over all macro definitions to determine whether any of them are  
unused.  This warning is usually not enabled, so doing this  
computation is wasted work. To handle this, the parser makes a query  
the mapping code to see what level it will be mapped onto.  If it is  
mapped onto ignore, the macro table isn't walked (the code is at  

Separating the mapping from reporting thus provides two features: 1)  
the parser can see how diagnostics will get mapped.  2) the mapping  
logic is shared among all the clients.

>> I believe that this system is fully general: any interesting
> policy
>> the client wants can be implemented with this scheme
>> (Diagnostic::setDiagnosticMapping can be used to specify a level on a
>> per-diagnostic basis), and higher level policies (e.g. -Werror, -
>> pedantic, -pedantic-errors etc) can be easily handled by mapping
>> entire classes to levels.
> This kind of answers my question above I think, but my confusion
> remains.
> What about diagnostics, such as for line comments, that is an
> extension in one dialect but not another?

I assume you mean "//" comments?  In this case, we have logic like  
this (Lexer.cpp):

   if (!Features.BCPLComment) {
     Diag(BufferPtr, diag::ext_bcpl_comment);

     // Mark them enabled so we only emit one warning for this  
     // unit.
     Features.BCPLComment = true;

If // comments aren't an extension in this dialect, then the warning  
is never produced, so it doesn't matter how it is mapped.

> Either you're duplicating
> the diagnostic tag, which means presenting the user with two tags
> for the same diagnostic, or you're requiring clients to know what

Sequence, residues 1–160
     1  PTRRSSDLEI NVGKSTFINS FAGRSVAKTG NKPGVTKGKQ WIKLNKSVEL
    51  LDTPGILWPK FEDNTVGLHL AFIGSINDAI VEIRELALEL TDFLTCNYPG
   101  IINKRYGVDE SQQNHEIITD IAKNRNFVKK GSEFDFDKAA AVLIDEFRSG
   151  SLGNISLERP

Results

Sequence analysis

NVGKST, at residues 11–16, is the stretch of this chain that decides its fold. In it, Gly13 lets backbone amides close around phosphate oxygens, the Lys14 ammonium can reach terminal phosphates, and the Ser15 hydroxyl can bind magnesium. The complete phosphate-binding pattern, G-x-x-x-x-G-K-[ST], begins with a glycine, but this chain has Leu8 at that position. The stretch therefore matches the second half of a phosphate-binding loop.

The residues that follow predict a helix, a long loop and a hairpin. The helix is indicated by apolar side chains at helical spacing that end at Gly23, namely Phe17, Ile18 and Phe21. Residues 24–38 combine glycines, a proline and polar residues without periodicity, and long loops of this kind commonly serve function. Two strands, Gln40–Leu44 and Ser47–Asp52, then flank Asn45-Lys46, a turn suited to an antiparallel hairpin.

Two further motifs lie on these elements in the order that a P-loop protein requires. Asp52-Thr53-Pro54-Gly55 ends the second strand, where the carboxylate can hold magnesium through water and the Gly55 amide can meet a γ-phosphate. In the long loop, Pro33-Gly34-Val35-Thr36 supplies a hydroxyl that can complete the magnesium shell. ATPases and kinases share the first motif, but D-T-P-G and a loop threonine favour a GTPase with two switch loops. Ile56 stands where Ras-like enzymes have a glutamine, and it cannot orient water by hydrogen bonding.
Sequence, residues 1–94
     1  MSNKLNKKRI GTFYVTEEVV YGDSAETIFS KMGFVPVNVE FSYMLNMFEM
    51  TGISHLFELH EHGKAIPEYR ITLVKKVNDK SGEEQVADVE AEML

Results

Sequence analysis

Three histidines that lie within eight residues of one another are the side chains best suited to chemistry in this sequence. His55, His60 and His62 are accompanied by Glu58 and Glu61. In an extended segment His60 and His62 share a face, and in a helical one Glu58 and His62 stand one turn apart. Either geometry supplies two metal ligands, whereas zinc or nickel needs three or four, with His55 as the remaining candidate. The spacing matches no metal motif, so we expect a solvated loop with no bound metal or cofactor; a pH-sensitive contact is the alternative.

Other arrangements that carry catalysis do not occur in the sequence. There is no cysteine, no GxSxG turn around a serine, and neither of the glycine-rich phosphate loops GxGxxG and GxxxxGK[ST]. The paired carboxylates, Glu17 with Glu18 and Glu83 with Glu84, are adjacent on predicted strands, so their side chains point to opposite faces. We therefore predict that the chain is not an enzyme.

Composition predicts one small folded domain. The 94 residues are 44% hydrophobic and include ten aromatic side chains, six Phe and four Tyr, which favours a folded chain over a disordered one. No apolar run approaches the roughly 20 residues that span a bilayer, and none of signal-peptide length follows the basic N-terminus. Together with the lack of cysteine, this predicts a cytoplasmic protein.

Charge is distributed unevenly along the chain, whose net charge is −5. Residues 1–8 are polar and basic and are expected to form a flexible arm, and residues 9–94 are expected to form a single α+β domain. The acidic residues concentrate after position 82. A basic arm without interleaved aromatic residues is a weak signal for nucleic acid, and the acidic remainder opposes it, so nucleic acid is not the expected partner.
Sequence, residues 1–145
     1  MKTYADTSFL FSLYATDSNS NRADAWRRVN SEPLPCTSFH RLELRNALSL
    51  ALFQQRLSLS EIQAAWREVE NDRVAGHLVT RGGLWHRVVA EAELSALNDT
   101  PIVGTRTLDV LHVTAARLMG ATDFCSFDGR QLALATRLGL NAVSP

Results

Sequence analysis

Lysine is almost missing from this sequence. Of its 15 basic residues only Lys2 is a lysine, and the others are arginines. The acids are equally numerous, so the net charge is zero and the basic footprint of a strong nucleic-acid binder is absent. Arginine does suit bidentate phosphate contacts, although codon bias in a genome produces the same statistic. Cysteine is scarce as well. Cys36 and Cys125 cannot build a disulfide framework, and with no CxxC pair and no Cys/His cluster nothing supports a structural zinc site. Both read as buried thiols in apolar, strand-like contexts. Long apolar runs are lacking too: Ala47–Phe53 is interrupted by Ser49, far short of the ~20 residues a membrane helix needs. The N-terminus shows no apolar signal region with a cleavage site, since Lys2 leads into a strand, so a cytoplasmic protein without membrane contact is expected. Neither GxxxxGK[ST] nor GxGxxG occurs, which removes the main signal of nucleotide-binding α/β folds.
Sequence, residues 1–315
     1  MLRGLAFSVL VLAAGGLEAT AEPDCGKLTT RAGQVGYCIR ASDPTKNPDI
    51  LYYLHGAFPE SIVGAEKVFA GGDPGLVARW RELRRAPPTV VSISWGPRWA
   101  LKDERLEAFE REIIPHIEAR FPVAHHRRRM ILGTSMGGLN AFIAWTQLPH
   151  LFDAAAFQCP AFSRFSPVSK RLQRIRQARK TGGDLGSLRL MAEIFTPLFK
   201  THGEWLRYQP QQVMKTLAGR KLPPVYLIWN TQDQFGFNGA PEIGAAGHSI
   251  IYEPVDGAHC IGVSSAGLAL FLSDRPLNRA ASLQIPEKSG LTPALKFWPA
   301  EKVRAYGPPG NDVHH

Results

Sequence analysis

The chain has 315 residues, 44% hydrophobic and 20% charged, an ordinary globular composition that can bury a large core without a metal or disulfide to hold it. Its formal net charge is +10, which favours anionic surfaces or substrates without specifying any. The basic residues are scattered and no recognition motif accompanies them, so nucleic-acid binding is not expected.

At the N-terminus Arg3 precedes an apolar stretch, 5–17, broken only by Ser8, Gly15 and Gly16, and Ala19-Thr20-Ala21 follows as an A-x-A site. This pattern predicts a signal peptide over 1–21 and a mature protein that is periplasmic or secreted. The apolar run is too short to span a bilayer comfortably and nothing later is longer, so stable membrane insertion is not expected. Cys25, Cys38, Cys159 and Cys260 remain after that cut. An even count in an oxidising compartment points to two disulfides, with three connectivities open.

> is and isn't an extension in various dialects.

We do sometimes have to duplicate the tag, for example if it's an  
extension in one dialect but a warning in another.  This is actually  
ok though IMO, because you want the message to be different for the  
different cases.

> What about integer division by zero?  It should be a hard error in
> some contexts and not others, even for a single dialect.  How does
> the client deal with that?  It seems the only solution is two tags.
> I can imagine situations where essentially the same diagnostic
> needs to become three or four tags with multiple dialect support.

We'd use two tags: this makes sense because the message should be  
different.  In general, I'd like to have many fine-grained  
diagnostics with extremely helpful messages than trying to squish  
down the number we have.

>> Is this design reasonable?
> I can see the reasoning behind it, but I'm not convinced it's the
> best approach for the reasons above.  I may be misunderstanding
> how it works.

Please let me know if the above helps :)

> One other thing - raising a diagnostic only for it to be suppressed
> at the client side can be expensive when various other information
> has to be calculated just to raise it.  For example, a diagnostic
> indicating that one decl hides another.  Depending on your symbol
> table, even determining that something hides something else, or
> what kind of entity it's hiding (nice to have that in the diagnostic)
> can take time.  Another example is coming up with the English
> reprentation of types for diagnostics.  You don't want to do all
> that work only to find the diagnostic is suppressed anyway.  How
> do you intend to handle such things?

I covered this above.